And yes, another court may disagree and this may end up overturned on appeal, but that will likely take a few years if an appeals court decides to hear it.  So for now, this is precedent in California and all automakers will point to this ruling in any other case alleging a design defect, until a court rules that "materials and workmanship" includes the design.

 

That could very well be correct, but I do not think any automaker will deny a warranty claim for an engine failure caused by a design defect.

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Applying Indiana law, the Eighth Circuit concluded that summary judgment was proper because the flimsy sweeps constituted a design defect and design defects were not covered by warranty against defects in material and workmanship. Id. at 754. In reaching its conclusion, the Court drew a bright line between design defects and defects in materials or workmanship. Id. at 753. The Court held that a design defect reflects an inadequacy of the design itself, while defects in material and workmanship reflect departures from the intended design. Id. The Court concluded that the buyer’s expert’s characterization of the flimsy sweeps as a design defect and the buyer’s concession that the sweeps conformed to the design were fatal to the buyer’s claim. In support of its position, the Eighth Circuit cited to several decisions in other jurisdictions that reached the same conclusion.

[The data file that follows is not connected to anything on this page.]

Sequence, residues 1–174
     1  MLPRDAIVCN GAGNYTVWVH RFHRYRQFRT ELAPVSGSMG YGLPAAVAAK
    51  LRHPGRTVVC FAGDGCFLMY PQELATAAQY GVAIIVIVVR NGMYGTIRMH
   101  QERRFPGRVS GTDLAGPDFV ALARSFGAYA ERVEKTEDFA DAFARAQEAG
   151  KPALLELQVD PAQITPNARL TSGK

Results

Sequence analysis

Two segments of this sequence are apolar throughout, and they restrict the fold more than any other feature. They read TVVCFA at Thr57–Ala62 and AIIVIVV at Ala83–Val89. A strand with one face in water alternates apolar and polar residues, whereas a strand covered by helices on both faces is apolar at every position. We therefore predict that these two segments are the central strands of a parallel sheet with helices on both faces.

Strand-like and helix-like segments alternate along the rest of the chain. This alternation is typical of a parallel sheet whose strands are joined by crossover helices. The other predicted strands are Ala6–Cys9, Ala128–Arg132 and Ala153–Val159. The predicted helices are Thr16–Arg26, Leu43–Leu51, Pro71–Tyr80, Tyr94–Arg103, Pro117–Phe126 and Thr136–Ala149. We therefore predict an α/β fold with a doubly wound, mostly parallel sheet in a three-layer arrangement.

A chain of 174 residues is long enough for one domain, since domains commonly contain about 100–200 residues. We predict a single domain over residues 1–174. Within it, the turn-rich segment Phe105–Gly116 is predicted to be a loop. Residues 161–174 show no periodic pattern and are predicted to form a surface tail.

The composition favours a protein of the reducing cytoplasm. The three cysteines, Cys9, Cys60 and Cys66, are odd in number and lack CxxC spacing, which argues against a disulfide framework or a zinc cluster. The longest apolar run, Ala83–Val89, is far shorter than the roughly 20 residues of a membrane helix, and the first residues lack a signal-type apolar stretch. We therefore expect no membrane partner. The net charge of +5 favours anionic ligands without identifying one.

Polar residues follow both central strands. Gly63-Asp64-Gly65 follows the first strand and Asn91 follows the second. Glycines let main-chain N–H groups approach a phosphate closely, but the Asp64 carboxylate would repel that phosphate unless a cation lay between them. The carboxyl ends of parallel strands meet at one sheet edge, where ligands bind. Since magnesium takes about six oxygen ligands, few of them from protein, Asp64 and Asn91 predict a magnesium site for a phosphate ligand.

https://www.fredlaw.com/news__media/2014/01/27/533/square_peg_meet_round_hole_-_do_design_defects_breach_a_warranty_against_defects_in_material_or_workmanship/

 

So in this case and the Corvette case the product worked as designed but not the way the buyer expected.

 

But in the Ford engine issue the inadequacy of the design leads to complete engine failure.   I suppose if the Ford engines were simply leaking coolant and not causing engine failure they could claim it was working as designed (but I don't expect that to happen).

 

Also.......

 

Quote

As a threshold matter, it is worth noting that not every jurisdiction has reached the same result. A few jurisdictions have held that a design defect does constitute a breach of warranty against defects in material or workmanship.